Directed by Bruce Macdonald

Starring – Jackson Rathbone, Billy Zane, Taylor James

The Plot – A Hebrew (James) with an unusual gift of strength must respond properly to the call of God on his life in order to lead his people out of enslavement. After his youthful ambition leads to a tragic marriage, his acts of revenge thrust him into direct conflict with the Philistine army. As his brother mounts a tribal rebellion, only Samson’s relationship with a Philistine seductress and his final surrender, both to the Philistines and to God, turns imprisonment and blindness into final victory

Rated PG-13 for scenes of violence from battle sequences


– At this point in the game, if religious films can’t even get costume and set pieces correctly, there’s no point in even trying. ‘Samson’ certainly continues this trend with a fine line of dissection between the Palestinians and the Hebrews that visually tell the difference in wealth distribution.

– Perhaps the best introduction scene to one of these films that I have ever seen. It actually felt like there was an attempt to insert some personality into this movie with the inclusion of quick-cut takes from a heist plan, as well as witty banter that actually brought a smile out of me.


– In retort to that dazzling intro scene, the rest of the film falls into the mundane category of familiarity. For what started on such a high note, eventually grinded into a slow drafting bible tale with none of the confidence in its characters or events to boot.

– The performances are all around laughably bad, but no one can hold a candle to Jackson Rathbone as the evil Rallah. What Eddie Redmayne did in ‘Jupiter Ascending’ can only be described as amplified to eleven with Rathbone’s unintimidating stature and uninspiring line reads that constantly fall short in carving out a meaningful antagonist. On the other side of the coin, James title character is written as an all brawn and no brain kind of hero who is constantly outwitted to the point of cringing in your seat for how easy his predicaments are to get out of. Even the often times over-the-top Billy Zane is in this film and they do nothing with him or his character. Some enthusiasm from Zane could’ve honestly made this sit a lot easier for me.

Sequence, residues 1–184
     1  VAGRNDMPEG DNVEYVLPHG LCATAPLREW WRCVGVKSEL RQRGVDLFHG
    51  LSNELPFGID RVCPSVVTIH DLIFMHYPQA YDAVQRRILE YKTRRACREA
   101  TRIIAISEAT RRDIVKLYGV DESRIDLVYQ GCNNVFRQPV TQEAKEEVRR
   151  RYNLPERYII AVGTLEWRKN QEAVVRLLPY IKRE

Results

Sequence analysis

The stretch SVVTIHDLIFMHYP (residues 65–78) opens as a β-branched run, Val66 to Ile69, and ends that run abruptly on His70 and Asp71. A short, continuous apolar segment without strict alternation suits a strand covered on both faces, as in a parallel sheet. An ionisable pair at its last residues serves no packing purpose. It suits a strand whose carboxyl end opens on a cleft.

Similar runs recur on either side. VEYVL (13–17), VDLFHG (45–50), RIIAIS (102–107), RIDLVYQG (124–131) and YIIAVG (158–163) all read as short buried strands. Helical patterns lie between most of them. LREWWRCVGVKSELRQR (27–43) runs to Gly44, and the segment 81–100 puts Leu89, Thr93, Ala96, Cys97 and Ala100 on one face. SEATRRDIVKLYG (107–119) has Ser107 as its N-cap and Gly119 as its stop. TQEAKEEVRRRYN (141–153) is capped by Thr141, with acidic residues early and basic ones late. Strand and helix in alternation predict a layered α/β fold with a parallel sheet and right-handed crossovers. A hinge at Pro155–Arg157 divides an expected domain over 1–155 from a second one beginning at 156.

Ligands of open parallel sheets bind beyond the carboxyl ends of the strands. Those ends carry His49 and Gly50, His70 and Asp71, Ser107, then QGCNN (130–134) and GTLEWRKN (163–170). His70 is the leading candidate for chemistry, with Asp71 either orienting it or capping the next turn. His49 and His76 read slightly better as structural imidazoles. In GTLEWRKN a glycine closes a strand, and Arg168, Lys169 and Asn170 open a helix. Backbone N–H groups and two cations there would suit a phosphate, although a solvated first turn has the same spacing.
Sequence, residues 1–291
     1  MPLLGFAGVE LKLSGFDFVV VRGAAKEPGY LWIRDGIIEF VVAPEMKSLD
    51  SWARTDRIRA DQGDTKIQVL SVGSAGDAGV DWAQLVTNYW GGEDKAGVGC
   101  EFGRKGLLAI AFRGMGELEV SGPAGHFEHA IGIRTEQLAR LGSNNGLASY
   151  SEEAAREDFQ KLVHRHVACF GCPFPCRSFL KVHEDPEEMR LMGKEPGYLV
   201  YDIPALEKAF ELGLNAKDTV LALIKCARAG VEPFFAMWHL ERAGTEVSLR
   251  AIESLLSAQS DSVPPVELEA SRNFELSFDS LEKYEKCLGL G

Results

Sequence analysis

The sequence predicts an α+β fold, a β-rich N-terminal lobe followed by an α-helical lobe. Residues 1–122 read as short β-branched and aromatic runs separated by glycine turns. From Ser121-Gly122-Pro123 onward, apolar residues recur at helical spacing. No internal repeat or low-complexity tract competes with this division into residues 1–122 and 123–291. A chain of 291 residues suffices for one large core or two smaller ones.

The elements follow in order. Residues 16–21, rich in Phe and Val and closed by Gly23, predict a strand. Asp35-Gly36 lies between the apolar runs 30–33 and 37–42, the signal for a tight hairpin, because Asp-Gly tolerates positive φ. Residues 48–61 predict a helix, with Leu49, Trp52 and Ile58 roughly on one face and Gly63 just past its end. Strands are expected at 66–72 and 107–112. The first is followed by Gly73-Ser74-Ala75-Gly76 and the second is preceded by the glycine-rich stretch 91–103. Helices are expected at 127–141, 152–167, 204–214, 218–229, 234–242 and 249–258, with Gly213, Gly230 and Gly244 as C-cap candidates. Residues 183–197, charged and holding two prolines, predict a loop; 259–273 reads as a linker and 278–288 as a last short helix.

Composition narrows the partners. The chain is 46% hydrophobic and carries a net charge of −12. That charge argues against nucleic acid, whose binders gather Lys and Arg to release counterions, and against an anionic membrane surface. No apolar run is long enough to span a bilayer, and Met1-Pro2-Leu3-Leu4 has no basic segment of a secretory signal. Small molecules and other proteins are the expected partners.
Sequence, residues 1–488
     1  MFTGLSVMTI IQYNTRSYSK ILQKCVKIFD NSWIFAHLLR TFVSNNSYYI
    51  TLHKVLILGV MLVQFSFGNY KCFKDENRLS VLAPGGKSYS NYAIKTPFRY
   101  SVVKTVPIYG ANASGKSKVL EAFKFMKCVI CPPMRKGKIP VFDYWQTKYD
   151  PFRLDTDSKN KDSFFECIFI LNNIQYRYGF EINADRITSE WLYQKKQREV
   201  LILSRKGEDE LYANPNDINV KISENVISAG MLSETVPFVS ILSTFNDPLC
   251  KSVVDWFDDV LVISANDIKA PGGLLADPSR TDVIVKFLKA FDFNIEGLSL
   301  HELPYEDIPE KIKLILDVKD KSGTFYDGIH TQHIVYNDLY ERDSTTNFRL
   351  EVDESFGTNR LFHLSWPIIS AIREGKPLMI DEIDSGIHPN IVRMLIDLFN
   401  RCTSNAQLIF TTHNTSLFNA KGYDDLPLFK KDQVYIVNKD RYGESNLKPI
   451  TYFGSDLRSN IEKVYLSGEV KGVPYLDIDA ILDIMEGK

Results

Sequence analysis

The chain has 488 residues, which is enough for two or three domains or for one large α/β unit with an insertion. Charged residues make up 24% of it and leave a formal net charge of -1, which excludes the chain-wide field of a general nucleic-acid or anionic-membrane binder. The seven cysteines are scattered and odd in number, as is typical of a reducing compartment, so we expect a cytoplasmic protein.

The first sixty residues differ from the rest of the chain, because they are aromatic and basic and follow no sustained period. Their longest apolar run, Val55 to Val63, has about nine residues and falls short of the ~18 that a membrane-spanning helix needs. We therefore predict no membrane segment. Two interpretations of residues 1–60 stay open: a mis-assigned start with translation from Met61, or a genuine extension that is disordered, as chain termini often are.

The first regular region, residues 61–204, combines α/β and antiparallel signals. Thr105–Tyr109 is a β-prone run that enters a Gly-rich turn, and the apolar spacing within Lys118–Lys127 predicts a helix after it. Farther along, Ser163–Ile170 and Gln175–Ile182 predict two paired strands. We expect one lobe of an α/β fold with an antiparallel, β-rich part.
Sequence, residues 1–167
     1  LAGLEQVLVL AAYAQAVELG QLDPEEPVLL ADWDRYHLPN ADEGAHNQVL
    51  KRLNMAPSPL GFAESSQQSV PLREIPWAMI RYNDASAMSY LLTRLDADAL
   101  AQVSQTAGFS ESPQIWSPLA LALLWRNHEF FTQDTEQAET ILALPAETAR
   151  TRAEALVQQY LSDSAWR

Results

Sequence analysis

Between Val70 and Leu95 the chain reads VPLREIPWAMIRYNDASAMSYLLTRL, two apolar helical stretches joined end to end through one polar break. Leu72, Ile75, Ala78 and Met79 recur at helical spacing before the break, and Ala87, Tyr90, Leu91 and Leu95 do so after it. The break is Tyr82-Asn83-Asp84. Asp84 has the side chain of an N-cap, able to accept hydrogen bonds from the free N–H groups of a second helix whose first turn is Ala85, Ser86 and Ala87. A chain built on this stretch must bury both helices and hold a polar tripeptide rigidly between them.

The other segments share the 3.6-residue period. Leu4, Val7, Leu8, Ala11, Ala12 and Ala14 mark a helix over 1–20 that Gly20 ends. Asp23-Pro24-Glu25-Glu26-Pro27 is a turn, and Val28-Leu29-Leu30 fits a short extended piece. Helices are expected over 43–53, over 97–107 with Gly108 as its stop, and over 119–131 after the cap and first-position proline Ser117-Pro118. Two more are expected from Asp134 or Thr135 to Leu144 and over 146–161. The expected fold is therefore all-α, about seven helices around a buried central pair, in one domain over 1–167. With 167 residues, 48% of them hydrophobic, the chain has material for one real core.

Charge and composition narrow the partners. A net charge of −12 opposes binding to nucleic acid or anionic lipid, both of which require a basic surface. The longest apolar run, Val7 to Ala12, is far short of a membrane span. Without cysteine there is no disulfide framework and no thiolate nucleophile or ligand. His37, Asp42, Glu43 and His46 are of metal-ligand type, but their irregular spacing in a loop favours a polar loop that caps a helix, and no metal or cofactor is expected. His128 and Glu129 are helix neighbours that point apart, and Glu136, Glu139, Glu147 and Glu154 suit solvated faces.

– God’s power is reduced to being a magical genie who pops up whenever Samson needs him. So if the rules are this easy to master, why not (Oh I don’t know) ask for food and drink for your starving village in the same ways you destroy a brick wall or bring down a stone building with your hands? I guess spectacle matters over livelihood.

– Consistently dropping the ball on establishing dramatic impact. Much of Samson’s adversity is disposed of within a few seconds, even taking out multiple 30 and 50 man armies by himself with ease. This is only in the first half of the film, mind you, so the second half wants us to believe that he will fail against one puny prince who may be the key to silencing this mystical Hebrew. Give me a break.

– Terribly choreographed fight sequences. Much of the reason for Samson being able to take down these huge armies by himself is because these soldiers only approach him one at a time, waiting in a neat and tidy line for their turns to meet their maker. There are many times when they could easily dispose of this one man army, but they would rather dogpile on him than take a knife to his chest when he’s pinned down. STUPID!! If that isn’t enough, the graphic material is so watered down here, free of blood or much graphic violence to really linger with the audience. An all around dry presentation.

– Uneven pacing plagues this film over and over again, turning a modest 105 minute film into what feels like a two-and-a-half hour plunge. Much of this can be blamed on just how much they try to squeeze into this film, limiting a majority of scenes to under three minutes so we can constantly keep moving. Where this harms the fluidity is in the bubbling feeling that this film garners no consistency in momentum for itself in bringing along its audience on the edge of their seats.

– Clunky dialogue that could double for even softcore pornography. Perhaps my favorite of these lines takes place between Samson and a woman he is courting during the beginning of the third act, in which she tells him that there is no way she could even bond him from leaving. Samson looks at her like he ripped gas and says “You should use the finest rope, that way I couldn’t fight it much” UGGHHHHHH!!!!

– Hallmark Channel level C.G in landscape establishing shots. Thankfully this is about 95% of the computer generation used in the film, but I couldn’t help but wince each time a new scene began.


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